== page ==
Public Policy requires the participation of all community stakeholders in the definition of problems and the realization of its solutions via measurable government actions impacting stakeholders.
Summary: United States-Mexico Economic Partnership Act (H.R. 1567)
“The Purpose of the Act is to promote economic partnership and cooperation between the US and Mexico, particularly in the areas of academic exchange, entrepreneurship, and infrastructure integration.”
The bill addresses 4 areas of opportunity: education, entrepreneurship, infrastructure, and medical professional training. The Bill requires the Secretary of State to submit a report to Congress on the strategy no later than 180 days after the legislation passes.
United States-Mexico Economic Partnership Act (H.R.133 & S. 587)
“The Purpose of the Act is to promote economic partnership and cooperation between the US and Mexico, particularly in the areas of academic exchange, entrepreneurship, and infrastructure integration.” The bill is made up of 4 sections encompassing education, entrepreneurship, infrastructure, and medical training.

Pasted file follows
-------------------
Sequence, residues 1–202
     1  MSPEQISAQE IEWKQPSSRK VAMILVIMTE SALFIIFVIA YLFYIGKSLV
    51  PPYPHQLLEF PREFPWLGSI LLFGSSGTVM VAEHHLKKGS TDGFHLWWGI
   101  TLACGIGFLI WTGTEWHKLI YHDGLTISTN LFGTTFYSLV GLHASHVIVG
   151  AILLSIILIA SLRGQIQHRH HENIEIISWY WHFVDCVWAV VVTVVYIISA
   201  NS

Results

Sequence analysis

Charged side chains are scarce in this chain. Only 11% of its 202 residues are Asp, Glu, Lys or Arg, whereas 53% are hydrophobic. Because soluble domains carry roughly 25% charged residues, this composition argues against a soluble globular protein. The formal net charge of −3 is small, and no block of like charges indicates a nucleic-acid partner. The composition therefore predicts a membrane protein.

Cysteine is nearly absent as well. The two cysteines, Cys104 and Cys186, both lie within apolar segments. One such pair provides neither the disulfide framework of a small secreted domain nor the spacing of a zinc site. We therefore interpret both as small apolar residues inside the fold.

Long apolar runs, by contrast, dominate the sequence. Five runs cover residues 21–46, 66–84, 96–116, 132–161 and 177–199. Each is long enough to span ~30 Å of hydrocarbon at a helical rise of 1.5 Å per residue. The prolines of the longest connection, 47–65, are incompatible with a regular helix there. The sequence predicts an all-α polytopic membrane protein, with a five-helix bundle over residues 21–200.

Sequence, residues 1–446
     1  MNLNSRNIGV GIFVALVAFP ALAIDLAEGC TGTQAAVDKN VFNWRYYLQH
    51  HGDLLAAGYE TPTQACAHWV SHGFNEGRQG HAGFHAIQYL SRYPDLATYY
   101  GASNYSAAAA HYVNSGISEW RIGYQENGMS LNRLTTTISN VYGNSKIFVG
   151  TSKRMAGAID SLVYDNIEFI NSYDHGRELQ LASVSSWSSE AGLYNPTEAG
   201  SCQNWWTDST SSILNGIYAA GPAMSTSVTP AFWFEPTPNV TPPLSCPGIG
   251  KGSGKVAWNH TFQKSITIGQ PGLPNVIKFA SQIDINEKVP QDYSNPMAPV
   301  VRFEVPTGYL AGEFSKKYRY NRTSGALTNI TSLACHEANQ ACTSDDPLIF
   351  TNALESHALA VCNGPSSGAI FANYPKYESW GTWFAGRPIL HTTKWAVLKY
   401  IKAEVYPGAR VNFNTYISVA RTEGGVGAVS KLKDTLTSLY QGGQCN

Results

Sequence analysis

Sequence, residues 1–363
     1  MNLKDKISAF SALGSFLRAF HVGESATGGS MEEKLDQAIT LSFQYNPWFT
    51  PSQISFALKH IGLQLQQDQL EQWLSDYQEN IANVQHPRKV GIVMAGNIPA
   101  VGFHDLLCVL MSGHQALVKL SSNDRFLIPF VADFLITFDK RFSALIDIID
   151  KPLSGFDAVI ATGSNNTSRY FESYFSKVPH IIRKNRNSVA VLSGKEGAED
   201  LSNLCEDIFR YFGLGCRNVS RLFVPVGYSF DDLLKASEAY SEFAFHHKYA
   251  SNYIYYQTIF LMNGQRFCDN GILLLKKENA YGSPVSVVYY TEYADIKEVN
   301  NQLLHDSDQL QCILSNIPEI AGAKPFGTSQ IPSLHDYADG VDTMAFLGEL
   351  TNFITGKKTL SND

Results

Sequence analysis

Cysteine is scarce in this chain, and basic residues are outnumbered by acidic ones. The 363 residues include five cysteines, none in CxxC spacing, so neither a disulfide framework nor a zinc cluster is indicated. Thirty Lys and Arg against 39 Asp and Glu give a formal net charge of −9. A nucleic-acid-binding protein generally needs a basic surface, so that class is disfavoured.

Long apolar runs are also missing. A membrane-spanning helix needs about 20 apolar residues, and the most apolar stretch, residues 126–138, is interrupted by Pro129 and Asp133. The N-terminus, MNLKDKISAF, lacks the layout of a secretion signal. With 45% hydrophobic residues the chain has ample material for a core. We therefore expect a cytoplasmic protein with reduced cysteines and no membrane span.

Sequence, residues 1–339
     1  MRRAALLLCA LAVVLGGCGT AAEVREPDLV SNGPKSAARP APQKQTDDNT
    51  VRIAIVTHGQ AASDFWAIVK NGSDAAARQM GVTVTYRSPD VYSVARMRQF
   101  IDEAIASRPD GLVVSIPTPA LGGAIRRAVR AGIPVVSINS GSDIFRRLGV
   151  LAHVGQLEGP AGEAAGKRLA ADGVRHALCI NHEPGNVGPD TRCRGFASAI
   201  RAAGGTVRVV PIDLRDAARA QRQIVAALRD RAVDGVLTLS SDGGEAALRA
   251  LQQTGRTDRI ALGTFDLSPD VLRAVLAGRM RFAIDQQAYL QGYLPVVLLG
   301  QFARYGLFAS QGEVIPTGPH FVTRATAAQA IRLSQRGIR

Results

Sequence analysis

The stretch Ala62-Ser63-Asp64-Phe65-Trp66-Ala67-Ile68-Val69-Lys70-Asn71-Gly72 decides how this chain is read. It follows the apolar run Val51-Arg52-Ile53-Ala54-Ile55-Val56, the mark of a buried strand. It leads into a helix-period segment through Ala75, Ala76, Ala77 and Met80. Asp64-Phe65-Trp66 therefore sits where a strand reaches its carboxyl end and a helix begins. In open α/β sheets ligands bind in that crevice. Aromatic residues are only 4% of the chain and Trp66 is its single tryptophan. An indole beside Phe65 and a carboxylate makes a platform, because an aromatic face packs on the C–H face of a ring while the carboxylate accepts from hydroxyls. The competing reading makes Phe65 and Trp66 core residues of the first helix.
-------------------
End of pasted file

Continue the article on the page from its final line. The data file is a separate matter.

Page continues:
Since 2013, the beginning of the 113th Session, only 6.37% of all introduced bills (28,055) have been enacted. Every law goes through a series of steps, and many times end up in limbo without the necessary support to push them through the committee stage. The steps below are those highlighted on Congress.gov. We hope this page inspires you to send a message to your representatives in regards to your stance on the presented bills.
- Laws begin as ideas.
- First, a representative sponsors a bill.
- The bill is then assigned to a committee for study.
- If released by the committee, the bill is put on a calendar to be voted on, debated or amended.
- If the bill passes by simple majority (218 of 435), the bill moves to the Senate.
- In the Senate, the bill is assigned to another committee and, if released, debated and voted on.
- Again, a simple majority (51 of 100) passes the bill.
- Finally, a conference committee made of House and Senate members works out any differences between the House and Senate versions of the bill.[/dt_list_item]
- The resulting bill returns to the House and Senate for final approval.
- The Government Printing Office prints the revised bill in a process called enrolling.
- The President has 10 days to sign or veto the enrolled bill.